PinkAvo — Repurposing food waste and upcycling textiles with natural dyes


Exeter, NH


04 May, 2019


Sustainability, Business

PinkAvo — a clean-tech startup

2018 was a calamitous year for the environment: the Woolsey and Camp Fires devastated both ends of California; the IPCC Global Warming of 1.5°C special report revealed the necessity of limiting global warming; the US government, according to the Senate Climate Change Task Force, made over 100 significant anti-environmental decisions. In the face of those events, I felt compelled to spearhead an environmental movement on campus.

I was already leading several environmental clubs and initiatives, but I wanted to do something more impactful; I felt that environmental activism within the school was wonderful but limited in its influence. After some literature review, food audits, and interviews with local restaurants, I drafted some friends to tackle two issues that stood out to me in the wider community: fast fashion and food waste. We resolved to upcycle textiles using natural dye from food waste, thus killing two birds with one stone. We focused on one food item due to its local abundance and usefulness: avocados.

This venture, dubbed PinkAvo, uses avocado pits and skins that would have otherwise gone to the landfill to create biodegradable plastic and natural dye for textiles. Through the process, we collaborated with a number of local and global businesses. At local restaurants, I marketed the project and set up bins to collect avocado pits and skins. I also regularly corresponded with Chipotle’s sustainability team to talk about their natural dye project and test results.

After numerous trials, we finally found the right combination of materials, processing time, and mordant for our desired color and dye durability. But the work didn’t stop there; we moved onto our next challenge: the leftover avocado pits. After reading more papers, watching videos, and consulting teachers, I discovered we could turn pits into bioplastic. However, drying the extracted starch into starch powder proved difficult, as the winter climate prevented quick evaporation; other methods, such as baking and boiling, also proved either inconvenient or ineffective.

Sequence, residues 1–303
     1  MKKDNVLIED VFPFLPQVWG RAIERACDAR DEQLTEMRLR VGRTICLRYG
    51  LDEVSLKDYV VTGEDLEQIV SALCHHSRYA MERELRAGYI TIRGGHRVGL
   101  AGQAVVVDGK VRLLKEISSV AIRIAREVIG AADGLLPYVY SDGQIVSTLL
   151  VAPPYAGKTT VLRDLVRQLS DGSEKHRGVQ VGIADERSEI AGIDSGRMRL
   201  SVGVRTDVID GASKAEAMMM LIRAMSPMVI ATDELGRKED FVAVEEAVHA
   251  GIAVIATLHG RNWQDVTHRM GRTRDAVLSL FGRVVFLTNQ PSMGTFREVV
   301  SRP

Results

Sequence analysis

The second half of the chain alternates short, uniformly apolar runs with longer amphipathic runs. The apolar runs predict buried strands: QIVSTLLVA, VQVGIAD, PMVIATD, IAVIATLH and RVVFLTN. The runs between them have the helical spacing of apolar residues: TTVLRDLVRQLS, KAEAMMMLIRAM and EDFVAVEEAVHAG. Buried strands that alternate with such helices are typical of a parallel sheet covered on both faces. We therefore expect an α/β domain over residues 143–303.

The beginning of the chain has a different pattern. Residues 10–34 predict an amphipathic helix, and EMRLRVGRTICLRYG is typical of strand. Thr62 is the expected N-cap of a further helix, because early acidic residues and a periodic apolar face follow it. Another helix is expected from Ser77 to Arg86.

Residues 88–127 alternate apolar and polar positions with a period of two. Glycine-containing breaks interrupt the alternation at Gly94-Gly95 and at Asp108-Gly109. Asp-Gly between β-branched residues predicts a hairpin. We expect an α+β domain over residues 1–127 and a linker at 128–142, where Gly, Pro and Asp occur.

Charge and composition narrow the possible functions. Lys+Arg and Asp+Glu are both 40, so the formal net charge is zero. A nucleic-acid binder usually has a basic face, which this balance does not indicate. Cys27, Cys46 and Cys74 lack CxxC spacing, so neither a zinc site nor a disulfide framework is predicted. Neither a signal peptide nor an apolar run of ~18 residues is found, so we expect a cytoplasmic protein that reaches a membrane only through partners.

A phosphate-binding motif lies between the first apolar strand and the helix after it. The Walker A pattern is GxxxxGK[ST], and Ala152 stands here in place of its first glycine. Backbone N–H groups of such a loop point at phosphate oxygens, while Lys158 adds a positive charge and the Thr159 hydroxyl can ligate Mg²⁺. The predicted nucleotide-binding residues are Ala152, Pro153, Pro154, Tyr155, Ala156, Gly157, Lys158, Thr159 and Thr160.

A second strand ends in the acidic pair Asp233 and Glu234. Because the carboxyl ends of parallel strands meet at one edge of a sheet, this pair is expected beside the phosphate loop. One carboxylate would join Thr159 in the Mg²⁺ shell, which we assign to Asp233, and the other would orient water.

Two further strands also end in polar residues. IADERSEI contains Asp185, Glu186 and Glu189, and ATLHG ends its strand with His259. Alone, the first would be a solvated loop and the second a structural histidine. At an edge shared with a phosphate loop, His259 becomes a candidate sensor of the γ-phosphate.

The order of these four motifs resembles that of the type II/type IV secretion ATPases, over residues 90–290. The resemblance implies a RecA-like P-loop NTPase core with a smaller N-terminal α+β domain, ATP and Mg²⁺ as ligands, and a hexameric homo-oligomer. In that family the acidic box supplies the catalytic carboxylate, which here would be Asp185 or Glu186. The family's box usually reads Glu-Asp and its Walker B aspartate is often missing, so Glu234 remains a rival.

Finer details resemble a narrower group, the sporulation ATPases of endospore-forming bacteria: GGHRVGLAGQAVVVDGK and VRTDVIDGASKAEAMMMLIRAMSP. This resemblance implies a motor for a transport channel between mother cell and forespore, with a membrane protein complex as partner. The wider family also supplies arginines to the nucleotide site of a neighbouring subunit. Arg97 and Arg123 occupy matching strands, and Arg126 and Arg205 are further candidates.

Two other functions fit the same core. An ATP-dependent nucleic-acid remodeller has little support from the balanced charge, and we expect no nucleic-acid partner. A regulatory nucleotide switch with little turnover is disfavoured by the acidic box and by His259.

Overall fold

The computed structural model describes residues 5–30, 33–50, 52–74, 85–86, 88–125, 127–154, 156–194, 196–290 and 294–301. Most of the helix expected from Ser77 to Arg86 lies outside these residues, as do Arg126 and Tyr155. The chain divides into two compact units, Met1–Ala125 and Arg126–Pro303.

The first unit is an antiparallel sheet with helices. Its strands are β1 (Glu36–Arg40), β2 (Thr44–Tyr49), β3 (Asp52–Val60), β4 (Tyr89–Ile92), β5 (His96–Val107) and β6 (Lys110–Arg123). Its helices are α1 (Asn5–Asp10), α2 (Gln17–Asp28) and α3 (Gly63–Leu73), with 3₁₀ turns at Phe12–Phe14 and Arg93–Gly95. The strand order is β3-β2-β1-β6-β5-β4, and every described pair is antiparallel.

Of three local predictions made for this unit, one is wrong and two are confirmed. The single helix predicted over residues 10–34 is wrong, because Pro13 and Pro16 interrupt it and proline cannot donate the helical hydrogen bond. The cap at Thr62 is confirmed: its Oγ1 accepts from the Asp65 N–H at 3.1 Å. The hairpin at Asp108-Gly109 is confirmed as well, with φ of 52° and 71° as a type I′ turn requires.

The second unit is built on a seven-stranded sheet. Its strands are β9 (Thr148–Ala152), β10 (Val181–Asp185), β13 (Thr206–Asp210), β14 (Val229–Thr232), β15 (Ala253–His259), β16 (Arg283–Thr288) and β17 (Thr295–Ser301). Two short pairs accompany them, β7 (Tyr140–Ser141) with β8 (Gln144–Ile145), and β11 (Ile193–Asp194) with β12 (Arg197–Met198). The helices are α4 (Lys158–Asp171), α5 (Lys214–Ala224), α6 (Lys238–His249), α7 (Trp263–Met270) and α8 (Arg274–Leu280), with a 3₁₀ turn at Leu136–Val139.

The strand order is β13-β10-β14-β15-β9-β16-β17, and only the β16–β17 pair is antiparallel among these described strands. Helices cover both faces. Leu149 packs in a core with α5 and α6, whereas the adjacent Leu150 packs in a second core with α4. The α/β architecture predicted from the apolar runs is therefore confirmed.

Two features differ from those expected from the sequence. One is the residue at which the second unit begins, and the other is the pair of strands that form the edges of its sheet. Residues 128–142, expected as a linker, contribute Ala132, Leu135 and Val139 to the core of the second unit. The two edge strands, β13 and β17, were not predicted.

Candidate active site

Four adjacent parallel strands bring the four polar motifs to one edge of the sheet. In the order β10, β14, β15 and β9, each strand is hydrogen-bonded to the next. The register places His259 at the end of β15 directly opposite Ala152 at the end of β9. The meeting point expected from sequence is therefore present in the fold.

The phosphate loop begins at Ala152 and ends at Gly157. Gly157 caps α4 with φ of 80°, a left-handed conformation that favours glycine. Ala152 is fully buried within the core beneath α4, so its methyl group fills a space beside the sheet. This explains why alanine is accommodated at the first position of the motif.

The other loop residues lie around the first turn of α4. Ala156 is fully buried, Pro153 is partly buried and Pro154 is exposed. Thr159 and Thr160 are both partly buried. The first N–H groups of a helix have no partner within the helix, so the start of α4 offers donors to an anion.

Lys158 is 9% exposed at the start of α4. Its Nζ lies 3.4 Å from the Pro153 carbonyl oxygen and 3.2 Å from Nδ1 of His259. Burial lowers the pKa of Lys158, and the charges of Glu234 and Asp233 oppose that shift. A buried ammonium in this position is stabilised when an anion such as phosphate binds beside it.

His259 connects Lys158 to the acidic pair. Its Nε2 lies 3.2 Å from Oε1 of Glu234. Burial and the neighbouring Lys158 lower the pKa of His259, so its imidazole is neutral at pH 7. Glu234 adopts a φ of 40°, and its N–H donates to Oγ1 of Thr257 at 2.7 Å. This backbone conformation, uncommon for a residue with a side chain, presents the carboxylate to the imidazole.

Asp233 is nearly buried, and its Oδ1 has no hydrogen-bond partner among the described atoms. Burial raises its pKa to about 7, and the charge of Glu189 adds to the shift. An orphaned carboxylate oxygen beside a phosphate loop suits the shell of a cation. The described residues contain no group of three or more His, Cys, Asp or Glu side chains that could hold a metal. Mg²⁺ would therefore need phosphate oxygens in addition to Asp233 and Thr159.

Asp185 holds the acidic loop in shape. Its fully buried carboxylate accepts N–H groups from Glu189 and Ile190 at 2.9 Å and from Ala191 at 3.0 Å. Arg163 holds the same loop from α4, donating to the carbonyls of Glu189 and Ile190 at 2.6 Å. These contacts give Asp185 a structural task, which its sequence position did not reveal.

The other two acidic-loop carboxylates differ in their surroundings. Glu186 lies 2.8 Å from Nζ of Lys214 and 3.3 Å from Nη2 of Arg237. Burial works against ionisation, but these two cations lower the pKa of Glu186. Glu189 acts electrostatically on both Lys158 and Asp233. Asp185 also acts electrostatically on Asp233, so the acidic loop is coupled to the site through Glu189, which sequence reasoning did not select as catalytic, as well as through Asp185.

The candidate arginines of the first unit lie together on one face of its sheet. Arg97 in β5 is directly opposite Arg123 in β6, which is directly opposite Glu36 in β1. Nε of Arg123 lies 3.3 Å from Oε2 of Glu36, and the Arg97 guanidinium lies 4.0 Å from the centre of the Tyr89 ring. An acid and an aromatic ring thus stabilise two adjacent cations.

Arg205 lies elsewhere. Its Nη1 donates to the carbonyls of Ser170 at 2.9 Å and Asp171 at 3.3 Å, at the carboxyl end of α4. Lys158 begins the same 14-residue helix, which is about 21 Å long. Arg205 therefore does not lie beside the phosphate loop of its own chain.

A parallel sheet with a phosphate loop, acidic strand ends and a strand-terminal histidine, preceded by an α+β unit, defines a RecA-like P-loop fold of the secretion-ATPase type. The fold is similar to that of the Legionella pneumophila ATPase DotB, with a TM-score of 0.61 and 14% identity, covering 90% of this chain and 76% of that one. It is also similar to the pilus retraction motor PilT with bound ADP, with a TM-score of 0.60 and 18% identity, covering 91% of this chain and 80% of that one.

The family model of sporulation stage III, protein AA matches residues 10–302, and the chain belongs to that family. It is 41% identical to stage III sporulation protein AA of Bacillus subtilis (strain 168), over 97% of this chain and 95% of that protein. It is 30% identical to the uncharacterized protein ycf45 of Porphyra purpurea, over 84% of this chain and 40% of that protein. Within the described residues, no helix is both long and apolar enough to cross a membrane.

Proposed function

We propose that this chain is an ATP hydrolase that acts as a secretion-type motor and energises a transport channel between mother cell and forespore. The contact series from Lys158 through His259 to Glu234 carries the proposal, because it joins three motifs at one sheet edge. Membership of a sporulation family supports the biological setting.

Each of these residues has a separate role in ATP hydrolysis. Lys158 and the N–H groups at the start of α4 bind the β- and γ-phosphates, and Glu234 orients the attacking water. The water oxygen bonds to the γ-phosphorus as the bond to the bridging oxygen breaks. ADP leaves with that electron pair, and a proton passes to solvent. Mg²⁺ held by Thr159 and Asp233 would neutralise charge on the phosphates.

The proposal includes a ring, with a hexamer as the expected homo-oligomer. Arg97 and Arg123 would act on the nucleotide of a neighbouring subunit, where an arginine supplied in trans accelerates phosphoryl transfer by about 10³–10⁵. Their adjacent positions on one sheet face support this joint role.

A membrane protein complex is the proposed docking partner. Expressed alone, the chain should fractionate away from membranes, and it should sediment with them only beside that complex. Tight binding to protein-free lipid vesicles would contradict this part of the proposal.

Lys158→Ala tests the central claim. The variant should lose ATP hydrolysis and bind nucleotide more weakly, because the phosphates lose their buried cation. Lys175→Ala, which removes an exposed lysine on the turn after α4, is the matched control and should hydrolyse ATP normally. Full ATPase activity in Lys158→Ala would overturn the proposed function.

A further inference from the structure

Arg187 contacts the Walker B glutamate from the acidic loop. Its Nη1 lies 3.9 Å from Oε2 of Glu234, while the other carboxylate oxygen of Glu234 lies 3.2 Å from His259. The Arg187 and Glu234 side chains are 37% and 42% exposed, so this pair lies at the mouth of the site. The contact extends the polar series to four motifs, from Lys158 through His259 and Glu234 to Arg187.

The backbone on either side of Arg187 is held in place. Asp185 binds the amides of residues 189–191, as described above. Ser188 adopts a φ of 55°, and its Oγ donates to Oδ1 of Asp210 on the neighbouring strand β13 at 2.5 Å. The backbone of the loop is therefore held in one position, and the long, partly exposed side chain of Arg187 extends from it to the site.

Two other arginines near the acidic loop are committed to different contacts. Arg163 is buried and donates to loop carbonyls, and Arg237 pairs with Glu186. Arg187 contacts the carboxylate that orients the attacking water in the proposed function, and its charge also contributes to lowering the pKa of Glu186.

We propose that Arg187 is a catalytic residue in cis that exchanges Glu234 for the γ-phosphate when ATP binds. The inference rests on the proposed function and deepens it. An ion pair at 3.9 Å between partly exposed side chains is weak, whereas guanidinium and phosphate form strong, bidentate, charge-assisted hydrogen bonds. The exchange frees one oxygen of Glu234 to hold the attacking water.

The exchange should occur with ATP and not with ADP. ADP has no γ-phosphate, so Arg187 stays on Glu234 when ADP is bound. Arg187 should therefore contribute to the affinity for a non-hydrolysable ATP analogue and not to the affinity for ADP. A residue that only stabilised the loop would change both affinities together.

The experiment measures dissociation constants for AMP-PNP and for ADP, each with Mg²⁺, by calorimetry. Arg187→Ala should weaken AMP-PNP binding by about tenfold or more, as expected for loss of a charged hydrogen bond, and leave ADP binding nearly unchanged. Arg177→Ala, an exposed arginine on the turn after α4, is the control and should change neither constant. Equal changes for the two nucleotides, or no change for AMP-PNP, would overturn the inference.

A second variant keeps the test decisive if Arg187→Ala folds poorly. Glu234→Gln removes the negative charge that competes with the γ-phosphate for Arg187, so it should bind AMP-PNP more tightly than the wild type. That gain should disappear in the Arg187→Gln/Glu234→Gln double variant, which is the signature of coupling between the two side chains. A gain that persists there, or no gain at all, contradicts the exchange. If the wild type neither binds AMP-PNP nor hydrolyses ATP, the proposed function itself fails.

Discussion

I settled on evaporation and let the moisture in the starch slowly turn into vapor. In the meantime, I began experimenting with other types of starch as a proof-of-concept for our avocado bioplastic. After many attempts with various recipes, I finally created a durable and flexible prototype. Soon enough, I even gathered enough avocado starch powder to synthesize a bioplastic bowl!

We finally had some working products to build a business model around, so I immediately set to work partnering with a local thrift shop. I set up some meetings and it all worked out. Soon, we upcycled some of their second-hand clothing into a line of pastel-pink, eco-friendly clothing!

PinkAvo was an educational experience that allowed me to work with other businesses, develop a business model, create MVPs, and more. I accomplished much more than I originally sought out to do: upcycling textiles with the lovely avocado-based dyes and even synthesizing bioplastic using the leftover pits. By interweaving my business acumen and technical skills, I addressed two significant environmental issues in my community through entrepreneurship!

Pitch Deck (PDF Download Link): PinkAvo Pitch Deck